Governor Theodore Orji of Abia state has flagged of this year’s planting season with the assurance to key into agricultural transformation agenda of President Goodluck Jonathan to turn Abia into a Food Basket of the Nation.
Speaking in Apumiri Ubakala in Umuahia South LGA headquarters, Orji said Abia was largely an agricultural state, and that his administration had since inception brought about many innovations aimed at reviving agricultural production in the state.
The theme of the year’s cropping season, “Transforming agriculture for food security” the governor said was apt, stressing that it would enhance the state’s strive towards achieving food sufficiency and security, poverty reduction and employment generation, amongst others.
He thanked Abia farmers for re-dedicating themselves to agricultural production, explaining that before then, agriculture was relegated to the background until his administration revived oil palm plantation, rubber plantations through Private, Public Partnership (PPP), introduction of liberation farms and also gave agricultural loans to farmers in the state, while approval had been given for the establishment of such farms in Isuikwuato and Arohukwu.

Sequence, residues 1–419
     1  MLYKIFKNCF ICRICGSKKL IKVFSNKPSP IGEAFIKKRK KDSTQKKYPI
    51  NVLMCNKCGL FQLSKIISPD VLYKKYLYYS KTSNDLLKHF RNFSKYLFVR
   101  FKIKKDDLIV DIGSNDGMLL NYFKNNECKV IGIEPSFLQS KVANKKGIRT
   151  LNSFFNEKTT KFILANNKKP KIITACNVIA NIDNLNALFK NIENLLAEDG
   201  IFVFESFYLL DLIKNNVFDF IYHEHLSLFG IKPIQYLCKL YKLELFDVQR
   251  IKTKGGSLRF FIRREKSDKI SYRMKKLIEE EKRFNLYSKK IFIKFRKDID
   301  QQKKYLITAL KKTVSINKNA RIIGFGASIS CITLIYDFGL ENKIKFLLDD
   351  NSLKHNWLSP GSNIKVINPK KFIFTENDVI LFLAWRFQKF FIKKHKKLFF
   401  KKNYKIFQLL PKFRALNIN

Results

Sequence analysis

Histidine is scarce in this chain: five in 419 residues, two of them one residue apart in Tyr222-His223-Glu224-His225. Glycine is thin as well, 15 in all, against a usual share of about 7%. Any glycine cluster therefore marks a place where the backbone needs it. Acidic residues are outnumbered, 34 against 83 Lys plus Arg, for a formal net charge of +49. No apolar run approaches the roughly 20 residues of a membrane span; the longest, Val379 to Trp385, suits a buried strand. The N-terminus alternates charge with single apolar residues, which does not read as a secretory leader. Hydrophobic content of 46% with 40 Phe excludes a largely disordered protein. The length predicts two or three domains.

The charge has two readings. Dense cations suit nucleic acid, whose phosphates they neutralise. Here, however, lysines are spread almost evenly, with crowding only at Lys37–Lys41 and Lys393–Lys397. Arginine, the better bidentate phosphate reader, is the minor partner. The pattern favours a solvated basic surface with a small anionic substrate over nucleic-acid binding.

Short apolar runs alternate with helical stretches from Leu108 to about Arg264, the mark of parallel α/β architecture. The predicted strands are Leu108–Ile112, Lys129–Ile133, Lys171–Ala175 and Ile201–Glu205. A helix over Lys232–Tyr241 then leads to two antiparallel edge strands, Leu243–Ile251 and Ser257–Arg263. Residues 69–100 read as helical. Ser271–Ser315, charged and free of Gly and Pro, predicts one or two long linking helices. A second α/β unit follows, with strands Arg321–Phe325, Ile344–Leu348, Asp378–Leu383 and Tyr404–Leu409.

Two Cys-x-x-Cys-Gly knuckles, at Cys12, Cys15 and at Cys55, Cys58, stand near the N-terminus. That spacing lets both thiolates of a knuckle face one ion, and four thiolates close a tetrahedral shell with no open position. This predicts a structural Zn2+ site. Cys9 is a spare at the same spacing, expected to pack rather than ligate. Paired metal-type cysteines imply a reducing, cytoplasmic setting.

Earlier, in his speech, the Minister of Agriculture and Rural Development, Dr. Akinwumi Adesina, who was represented by his Regional Director, Dr. Uche Nwankwo, applauded Orji for keying into the federal government’s agricultural agenda to boost food production in the country.
The minister said the federal government in collaboration with Abia state government introduced protein-enriched cassava covering several acres in Abiriba, in Bende LGA of the state.
Also speaking, the Commissioner for Agriculture, Dr. Ken Nwosu, said the launch of this year’s cropping season marked the formal commencement of the year’s farming season, adding that the government was set to help Abia farmers achieve an increased and sustainable food production all major crops, fisheries and livestock through provision of subsidies on farm input.No tags for this post.